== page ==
As I said if this was to be considered a form of child abuse, would not many of these allegations, if deemed to have a case to answer, many of these would be historical prosecutions? By that I mean an adult adoptee bringing a case after the alleged offence had occurred. In some instances, many years prior to the court action. After the adoptee has grown up, they find out, that had they been told of their adoption they could have received quicker and more effective medical treatment for a serious condition. Or that they have been denied a familial relationship because they were not told of their adoption.

But would it not be the case, that in most such prosecutions one would have to prove that the Adoptive parent(s) took such a step deliberately to cause emotional and psychological hurt, distress or harm? As we see in battered wife cases it can be extremely difficult to prove.
So what are you thoughts on this?


[1]Ministry of Justice (2011a) Tables A4.4 and A4.5. In: Conviction tables: Criminal Justice Statistics Quarterly Update to December 2010: Ministry of Justice Statistics bulletin (Excel). London: Ministry of Justice.

13 thoughts on “When Adoptive Parents don’t come clean, is that abuse?

  1. Lucy, this is important. I do know LDAs (late discovery adoptees). Yes, some were astonished to find out as adults (a few were in their 30s-40s.) One LDA in Boston was 70 when he learned the truth. One LDA friend does need their medical history to treat a condition that is definitely inherited. So yes, I do think it constitutes abuse. I think adoption is abusive if the child’s medical history doesn’t go with them to their new homes. (My medical history was the reason I went to a judge in Wisconsin to open my sealed adoption file in 1979.)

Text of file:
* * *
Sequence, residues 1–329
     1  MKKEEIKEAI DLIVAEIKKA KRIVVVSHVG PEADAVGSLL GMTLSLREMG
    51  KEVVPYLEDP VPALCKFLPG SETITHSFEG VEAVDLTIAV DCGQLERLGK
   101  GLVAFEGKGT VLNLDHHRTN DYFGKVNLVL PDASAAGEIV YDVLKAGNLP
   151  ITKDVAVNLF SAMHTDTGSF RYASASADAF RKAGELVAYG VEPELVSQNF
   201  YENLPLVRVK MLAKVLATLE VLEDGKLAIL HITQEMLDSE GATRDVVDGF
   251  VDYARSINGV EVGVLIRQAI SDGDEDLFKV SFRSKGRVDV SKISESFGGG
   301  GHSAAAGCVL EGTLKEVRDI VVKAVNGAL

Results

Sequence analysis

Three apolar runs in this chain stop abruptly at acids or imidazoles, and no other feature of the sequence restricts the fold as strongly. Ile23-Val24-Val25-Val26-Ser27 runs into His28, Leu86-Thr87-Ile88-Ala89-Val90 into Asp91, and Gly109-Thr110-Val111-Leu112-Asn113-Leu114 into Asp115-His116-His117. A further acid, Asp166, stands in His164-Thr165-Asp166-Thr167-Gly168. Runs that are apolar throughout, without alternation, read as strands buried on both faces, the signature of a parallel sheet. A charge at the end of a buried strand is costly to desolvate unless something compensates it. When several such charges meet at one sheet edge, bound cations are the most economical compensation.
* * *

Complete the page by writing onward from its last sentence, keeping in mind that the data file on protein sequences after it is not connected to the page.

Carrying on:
It’s apparent in some adoptees that they were adopted since they do not resemble their parents. One LDA friend Diane didn’t know she was Lakota until she was 38! Can you imagine? She suspected it but until she saw a photo of her adoptive mom (not pregnant) at the time she was born did she realize the truth (or the lie.)
    Some call this our genetic bewilderment. We are not with the people who share our DNA or ancestry and feel the tremendous strain on us.
    How do we take care of our health if we do not know anything?

  2. Hi Lara thanks for taking the time to read the post and respond. So true. I cannot begin to imagine what you must have had to go through. I think I have more than a vague idea, but . . . For me it’s obvious as I’m transracially adopted, but then for the first what four years I actually believed that I was white, partly because my APs never talked about the adoption they refused to talk about the subject and also I was raised in a very white, conservative area of southern England. I have no doubt in my mind that this refusal to allow me to ask questions or to talk to me about adoption was partially responsible for the mental breakdown I had much later on when I was in my mid to late teens. Was that a case of abuse or was that just the day and age that I was raised in; pre multicultural 60s UK? Was that done with ‘malice aforethought’ or was that just the accepted way in those days dealing with adoption – the clean break?